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    CAMBRIAN : Explosion of Life on Earth  
The Cambrian is the first geological period of the Paleozoic Era, lasting from 541 to 485 million years ago (mya) and is succeeded by the Ordovician. Its subdivisions, and indeed its base, are somewhat in flux. The period was established by Adam Sedg...
 
    Pangaea, Supercontinent  
Pangaea or Pangea was a supercontinent that existed during the late Paleozoic and early Mesozoic eras. It formed approximately 300 million years ago and then began to break apart after about 100 million years. Unlike the present Earth, much of the la...
 
    PERMIAN : Largest Mass Extinction  
The Permian is a geologic period and system which extends from 299 to 252 million years ago. It is the last period of the Paleozoic Era, following the Carboniferous Period and preceding the Triassic Period of the Mesozoic Era. The concept of the Perm...
 
    MESOZOIC : Age of Dinosaurs  
The Mesozoic era is an interval of geological time from about 252 to 66 million years ago. It is also called the age of reptiles, a phrase introduced by the 19th century paleontologist Gideon Mantell who viewed it as dominated by reptiles such as Igu...
 
    Africa  
Africa is the world's second-largest and second most populous continent, after Asia. At about 30 million km² including its adjacent islands, it covers 5.9% of the Earth's total surface area, and 20.3% of the total land area. With over 840 million peo...
 
    North America  
North America is a continent in the Northern Hemisphere and almost fully in the Western Hemisphere, bordered on the north by the Arctic Ocean, on the east by the North Atlantic Ocean, on the south by the Caribbean Sea, and on the west by the North Pa...
 
    South America  
South America is a continent situated in the Western Hemisphere between the Pacific and Atlantic Oceans. Most of it is in the Southern Hemisphere. Commonly referred to as part of the Americas, like North America, South America is named after Amerigo...
 
    Europe  
Europe is conventionally considered one of the seven continents which, in this case, is more a cultural and political distinction than a physiogeographic one. Physically and geologically, Europe is a subcontinent or large peninsula, forming the weste...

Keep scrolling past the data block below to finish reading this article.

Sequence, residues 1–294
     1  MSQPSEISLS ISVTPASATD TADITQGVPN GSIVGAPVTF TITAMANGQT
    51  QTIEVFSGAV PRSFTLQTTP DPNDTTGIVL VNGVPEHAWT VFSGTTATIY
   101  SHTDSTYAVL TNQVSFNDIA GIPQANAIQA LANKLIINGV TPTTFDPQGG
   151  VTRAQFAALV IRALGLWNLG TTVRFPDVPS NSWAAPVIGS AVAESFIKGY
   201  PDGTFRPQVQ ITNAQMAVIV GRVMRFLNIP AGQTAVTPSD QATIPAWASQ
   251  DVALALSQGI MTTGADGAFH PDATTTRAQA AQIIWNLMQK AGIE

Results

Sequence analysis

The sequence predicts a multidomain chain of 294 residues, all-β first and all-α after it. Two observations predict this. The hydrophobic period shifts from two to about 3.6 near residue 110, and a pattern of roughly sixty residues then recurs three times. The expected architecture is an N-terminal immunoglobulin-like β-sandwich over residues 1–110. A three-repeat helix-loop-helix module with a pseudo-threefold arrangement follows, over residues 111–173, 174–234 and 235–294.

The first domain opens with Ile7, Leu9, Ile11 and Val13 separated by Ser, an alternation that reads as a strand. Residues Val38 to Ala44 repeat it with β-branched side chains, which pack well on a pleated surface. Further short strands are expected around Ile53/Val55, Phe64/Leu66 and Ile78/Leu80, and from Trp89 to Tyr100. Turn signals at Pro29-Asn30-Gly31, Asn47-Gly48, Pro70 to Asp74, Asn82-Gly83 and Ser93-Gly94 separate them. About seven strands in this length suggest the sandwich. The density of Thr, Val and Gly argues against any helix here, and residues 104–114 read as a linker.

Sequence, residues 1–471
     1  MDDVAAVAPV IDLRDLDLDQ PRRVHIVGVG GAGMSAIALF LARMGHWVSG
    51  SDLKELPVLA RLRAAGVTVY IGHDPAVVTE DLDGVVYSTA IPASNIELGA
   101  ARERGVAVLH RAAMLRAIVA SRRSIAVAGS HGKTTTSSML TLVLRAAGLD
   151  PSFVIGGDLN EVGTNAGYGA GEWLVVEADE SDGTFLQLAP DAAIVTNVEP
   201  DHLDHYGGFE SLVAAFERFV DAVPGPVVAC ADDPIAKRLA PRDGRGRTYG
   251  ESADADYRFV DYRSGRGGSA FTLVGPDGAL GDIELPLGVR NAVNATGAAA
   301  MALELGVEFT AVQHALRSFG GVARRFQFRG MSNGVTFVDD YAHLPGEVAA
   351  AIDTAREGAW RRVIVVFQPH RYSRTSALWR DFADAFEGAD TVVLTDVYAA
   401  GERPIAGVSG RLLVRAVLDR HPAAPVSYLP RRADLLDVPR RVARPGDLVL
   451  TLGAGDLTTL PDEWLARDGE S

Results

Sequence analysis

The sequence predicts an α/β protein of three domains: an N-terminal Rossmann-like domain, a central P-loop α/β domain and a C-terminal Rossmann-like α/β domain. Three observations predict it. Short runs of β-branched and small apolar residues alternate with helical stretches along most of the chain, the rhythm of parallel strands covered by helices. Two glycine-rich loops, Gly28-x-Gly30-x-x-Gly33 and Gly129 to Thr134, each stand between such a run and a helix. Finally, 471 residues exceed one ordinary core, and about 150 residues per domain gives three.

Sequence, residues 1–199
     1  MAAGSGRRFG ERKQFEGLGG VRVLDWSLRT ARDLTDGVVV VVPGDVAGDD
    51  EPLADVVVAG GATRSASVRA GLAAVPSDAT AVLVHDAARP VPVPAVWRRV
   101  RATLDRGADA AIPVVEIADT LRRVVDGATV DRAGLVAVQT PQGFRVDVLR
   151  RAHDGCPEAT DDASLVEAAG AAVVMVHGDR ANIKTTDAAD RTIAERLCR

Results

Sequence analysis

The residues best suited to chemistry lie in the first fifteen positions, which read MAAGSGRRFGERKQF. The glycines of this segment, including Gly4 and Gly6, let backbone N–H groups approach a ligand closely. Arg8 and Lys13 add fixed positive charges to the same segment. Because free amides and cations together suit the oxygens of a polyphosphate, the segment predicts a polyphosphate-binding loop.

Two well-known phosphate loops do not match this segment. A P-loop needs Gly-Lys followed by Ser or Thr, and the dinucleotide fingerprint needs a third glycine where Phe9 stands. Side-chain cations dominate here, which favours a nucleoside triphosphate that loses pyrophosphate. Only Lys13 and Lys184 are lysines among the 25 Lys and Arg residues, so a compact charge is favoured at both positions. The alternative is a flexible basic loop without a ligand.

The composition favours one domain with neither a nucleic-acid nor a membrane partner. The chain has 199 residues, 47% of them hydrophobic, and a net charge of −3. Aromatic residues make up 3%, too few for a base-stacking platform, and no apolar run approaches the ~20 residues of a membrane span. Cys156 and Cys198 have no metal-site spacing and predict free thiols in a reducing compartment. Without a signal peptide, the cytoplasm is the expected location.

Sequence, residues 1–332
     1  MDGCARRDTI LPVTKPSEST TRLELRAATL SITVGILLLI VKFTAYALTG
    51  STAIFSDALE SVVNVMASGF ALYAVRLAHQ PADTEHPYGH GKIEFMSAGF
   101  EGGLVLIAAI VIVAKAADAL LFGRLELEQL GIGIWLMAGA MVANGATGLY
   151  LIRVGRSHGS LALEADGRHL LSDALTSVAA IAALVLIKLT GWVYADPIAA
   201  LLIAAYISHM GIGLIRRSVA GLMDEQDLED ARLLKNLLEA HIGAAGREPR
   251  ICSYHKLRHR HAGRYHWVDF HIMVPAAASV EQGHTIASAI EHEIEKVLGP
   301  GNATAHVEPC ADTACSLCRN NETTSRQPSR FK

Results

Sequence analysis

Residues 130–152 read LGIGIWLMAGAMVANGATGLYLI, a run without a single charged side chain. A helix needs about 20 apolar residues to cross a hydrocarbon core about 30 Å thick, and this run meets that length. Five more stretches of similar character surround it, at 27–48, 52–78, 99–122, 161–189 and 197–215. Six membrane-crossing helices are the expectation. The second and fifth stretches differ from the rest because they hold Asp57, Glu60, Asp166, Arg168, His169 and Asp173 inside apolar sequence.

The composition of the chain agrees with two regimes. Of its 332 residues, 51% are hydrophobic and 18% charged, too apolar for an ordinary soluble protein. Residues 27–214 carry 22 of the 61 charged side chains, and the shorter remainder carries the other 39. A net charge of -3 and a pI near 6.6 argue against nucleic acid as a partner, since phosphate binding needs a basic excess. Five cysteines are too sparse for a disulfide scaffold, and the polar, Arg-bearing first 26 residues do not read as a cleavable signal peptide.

Oceania  
Oceania is a geographical region consisting of numerous countries and territories mostly islands in the Pacific Ocean. The exact scope of Oceania is controversial, with varying interpretations including East Timor, Australia, New Zealand, or none...
 
    Asia  
Asia is the largest and most populous of the Earth's continents. It is traditionally defined as part of the landmass of Africa-Eurasia lying east of the Suez Canal, east of the Ural Mountains, and southeast of the Caucasus Mountains and the Caspian a...
 
    Antarctica  
Speculation over the existence of a "southern land" was not confirmed until the early 1820s when British and American commercial operators and British and Russian national expeditions began exploring the Antarctic Peninsula region and other areas sou...
 
    CENOZOIC : Age of Mammals  
The Cenozoic Era, meaning "new life", is the current and most recent of the three Phanerozoic geological eras, following the Mesozoic Era and covering the period from 66 million years ago to the present. The Cenozoic is also known as the Age of Ma...
 
    STONE AGE : The Human Era  
The first species of the genus Homo, evolved in South and East Africa in the late Pliocene or early Pleistocene (2 - 2.5 million years before present) when it diverged from the Australopithecines (Australopithecines and Hominenes are collectively ref...
 
    The Human Evolution  
Australopithecus afarensis is an extinct hominid that lived between 3.9 and 2.9 million years ago. A. afarensis was slenderly built, like the younger Australopithecus africanus. It is thought that A. afarensis was more closely related to the genus Ho...
 
    Lucy, Australopithecus, Found 1974  
Lucy is the common name of AL 288-1, the 40% complete Australopithecus afarensis skeleton discovered on November 30, 1974 by the International Afar Research Expedition (IARE; director: Maurice Taieb, co-directors: Donald Johanson and Yves Coppens) in...
 
       
 
         
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